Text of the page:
JEFF GORDON:  You know, I’ve always said this as it relates to the Chase, the championship, that if you’re contending for the championship, you’ve got to be as smart about the things you do on the racetrack as the guys that you’re racing that might be outside the championship.  And there was absolutely no reason to run into me.  That’s the thing is you’ve got to understand each guy you’re racing along the way, and you’ve got to understand if they’re a guy that needs a ride next year, you’ve got to understand if they’re a guy that is trying to finish 10th or 12th in the points or whether they’re a guy that’s racing for the championship.  And it goes both ways.  It’s not just a one‑way street.  We were racing for fourth in points in that race, and so there was a lot on the line for us as well as for them, and so I think that it just wasn’t very smart of Clint to run into me coming off of Turn 2 on the straightaway, almost cut my left rear tire down, and know that we had past history this year.
            And so afterwards, did it sit well with me knowing that that took his hopes out?  No.  He’s also a guy I would consider a friend.  There’s a lot of things that didn’t sit well with me after the fact.  But at the moment, it’s hard to kind of bring all that into your mind when you’re upset about a situation.  And that’s why I said, what I regret the most is that the situation got escalated because I lost control of my emotions and let that put me into a decision that obviously wasn’t a good one.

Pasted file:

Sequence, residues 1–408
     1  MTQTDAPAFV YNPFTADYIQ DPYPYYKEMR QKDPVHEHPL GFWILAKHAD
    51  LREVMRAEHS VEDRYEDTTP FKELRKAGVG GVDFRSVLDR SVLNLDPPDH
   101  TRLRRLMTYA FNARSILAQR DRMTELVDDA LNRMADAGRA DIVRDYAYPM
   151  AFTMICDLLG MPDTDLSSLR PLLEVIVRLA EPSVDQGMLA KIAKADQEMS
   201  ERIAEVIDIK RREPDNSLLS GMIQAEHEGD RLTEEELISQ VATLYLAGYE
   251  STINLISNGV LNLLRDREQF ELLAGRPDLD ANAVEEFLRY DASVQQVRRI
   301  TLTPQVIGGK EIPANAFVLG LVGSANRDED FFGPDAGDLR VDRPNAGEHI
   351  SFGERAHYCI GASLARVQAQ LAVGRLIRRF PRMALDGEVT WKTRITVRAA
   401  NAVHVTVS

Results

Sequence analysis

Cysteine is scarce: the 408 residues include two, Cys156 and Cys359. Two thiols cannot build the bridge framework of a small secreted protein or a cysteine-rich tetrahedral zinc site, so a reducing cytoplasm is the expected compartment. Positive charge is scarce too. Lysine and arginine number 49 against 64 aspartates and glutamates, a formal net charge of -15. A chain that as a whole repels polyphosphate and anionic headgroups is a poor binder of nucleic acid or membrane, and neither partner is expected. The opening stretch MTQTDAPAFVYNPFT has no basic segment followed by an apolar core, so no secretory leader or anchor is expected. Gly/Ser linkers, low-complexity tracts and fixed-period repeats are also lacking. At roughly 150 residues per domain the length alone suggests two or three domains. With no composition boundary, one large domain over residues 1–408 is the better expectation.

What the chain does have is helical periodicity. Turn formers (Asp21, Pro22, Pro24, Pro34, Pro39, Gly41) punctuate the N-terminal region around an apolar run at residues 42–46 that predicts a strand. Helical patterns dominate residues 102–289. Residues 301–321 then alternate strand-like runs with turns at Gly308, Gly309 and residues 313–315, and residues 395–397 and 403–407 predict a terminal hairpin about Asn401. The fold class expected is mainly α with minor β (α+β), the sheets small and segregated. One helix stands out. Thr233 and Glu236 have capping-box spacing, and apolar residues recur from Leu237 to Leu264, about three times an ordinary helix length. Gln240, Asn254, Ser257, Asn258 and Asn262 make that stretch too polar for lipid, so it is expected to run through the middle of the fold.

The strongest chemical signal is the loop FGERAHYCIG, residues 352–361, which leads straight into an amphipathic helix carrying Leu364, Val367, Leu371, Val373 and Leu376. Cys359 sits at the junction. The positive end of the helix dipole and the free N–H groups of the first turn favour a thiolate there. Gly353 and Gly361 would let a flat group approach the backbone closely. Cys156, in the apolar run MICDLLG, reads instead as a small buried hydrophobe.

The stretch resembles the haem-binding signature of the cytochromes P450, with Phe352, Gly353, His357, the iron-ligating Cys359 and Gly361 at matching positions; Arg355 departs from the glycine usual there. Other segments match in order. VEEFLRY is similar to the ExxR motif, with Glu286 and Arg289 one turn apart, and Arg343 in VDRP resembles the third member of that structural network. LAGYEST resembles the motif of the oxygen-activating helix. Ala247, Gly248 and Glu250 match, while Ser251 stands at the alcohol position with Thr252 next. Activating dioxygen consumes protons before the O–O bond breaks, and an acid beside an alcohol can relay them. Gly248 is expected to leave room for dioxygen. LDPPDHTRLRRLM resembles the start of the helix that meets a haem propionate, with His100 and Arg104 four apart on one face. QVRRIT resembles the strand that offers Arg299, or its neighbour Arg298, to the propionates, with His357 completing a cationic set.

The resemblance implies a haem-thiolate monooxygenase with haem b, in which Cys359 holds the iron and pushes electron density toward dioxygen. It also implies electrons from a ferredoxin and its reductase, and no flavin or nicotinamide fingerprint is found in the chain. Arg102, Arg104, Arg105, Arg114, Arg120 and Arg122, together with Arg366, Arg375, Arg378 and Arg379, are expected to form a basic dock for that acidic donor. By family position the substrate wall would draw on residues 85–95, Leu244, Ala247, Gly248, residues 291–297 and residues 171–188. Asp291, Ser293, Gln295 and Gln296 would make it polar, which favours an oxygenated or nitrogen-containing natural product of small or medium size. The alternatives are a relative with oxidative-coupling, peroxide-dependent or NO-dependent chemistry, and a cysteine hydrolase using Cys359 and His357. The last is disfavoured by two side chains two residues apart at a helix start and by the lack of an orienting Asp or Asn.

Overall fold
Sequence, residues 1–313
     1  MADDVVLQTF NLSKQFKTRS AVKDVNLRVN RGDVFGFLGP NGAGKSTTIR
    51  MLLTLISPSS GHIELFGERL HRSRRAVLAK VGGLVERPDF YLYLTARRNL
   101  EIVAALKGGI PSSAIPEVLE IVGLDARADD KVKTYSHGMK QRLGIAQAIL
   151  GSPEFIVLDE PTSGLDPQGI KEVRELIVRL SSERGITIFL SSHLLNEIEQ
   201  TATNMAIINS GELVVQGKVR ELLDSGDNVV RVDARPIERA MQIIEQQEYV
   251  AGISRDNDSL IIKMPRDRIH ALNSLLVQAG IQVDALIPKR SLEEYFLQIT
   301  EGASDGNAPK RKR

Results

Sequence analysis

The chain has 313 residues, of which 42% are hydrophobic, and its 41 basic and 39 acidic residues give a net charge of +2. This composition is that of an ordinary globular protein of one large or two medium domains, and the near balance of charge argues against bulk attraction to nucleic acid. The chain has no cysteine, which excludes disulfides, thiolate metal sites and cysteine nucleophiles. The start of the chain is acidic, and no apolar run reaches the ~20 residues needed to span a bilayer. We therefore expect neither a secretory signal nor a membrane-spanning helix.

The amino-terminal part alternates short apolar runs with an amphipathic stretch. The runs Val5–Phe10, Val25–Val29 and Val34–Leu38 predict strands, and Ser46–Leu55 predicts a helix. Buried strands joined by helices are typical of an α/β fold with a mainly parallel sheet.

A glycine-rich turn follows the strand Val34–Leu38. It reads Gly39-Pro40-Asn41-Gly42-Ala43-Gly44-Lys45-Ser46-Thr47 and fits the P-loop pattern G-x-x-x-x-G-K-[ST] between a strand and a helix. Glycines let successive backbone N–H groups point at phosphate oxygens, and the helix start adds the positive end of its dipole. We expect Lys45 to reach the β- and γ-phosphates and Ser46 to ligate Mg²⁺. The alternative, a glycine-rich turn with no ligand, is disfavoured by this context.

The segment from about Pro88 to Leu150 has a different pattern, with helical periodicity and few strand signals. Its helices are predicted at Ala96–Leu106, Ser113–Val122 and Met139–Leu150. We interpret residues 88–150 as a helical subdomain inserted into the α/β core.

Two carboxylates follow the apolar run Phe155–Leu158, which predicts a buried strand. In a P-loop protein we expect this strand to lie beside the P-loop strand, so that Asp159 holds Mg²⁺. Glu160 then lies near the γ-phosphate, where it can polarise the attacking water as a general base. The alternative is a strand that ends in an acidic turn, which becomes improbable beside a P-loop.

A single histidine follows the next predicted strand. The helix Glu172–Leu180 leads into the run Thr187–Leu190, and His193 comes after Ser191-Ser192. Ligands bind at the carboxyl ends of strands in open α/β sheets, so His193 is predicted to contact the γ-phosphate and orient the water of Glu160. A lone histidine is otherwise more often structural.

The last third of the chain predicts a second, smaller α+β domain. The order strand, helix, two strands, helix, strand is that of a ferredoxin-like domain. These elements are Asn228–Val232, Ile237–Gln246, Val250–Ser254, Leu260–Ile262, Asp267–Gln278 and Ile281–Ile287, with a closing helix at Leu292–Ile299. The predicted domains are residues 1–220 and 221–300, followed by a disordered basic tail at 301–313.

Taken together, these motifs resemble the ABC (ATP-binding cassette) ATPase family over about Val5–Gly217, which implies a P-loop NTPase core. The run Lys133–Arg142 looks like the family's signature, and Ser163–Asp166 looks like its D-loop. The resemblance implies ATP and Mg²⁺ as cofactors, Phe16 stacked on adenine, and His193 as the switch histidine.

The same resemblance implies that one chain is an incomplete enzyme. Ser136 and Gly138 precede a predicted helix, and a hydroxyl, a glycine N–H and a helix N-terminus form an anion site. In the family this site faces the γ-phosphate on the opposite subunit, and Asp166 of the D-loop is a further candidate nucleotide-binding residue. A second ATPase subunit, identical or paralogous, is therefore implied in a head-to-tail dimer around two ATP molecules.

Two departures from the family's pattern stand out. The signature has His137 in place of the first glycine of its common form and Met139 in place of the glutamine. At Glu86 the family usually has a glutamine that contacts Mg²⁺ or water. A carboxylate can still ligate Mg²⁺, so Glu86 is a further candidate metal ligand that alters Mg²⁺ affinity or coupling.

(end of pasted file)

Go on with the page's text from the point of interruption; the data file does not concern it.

I think everybody thinks I just intentionally went down there and wrecked him, and that’s not the case.  I wanted to make his life really miserable, and I wanted to make my car really, really wide, but I wasn’t expecting him to go diving down the inside on the apron, and when he did, it caused us to hook and caused what ended up being a terrible accident.
            Q.  Rick just addressed that the niche in the history of NASCAR is preserved well, four championships, five championships or more, and nobody questions the competitiveness, but could you have imagined going this many years without a championship after you got your fourth?  And what kind of an impact on you is that?
            JEFF GORDON:  Yeah, it’s definitely been tough.  Gosh, I look at the ‑‑ and a lot of people go through some incredible runs in the sport, and we went through one of the most amazing ones from ’95 through 2001.  I look back at the wins and the championships and the way things were going, and there was no stopping us.
            We’ve been close a couple of times.  The Chase has changed things a little bit for us, and there’s been a few changes here and there that we’ve had ‑‑ I’ve had to personally adapt to as a race car driver that have made it a little more challenging, but I think that’s what happens when you’re in the sport for a long period of time.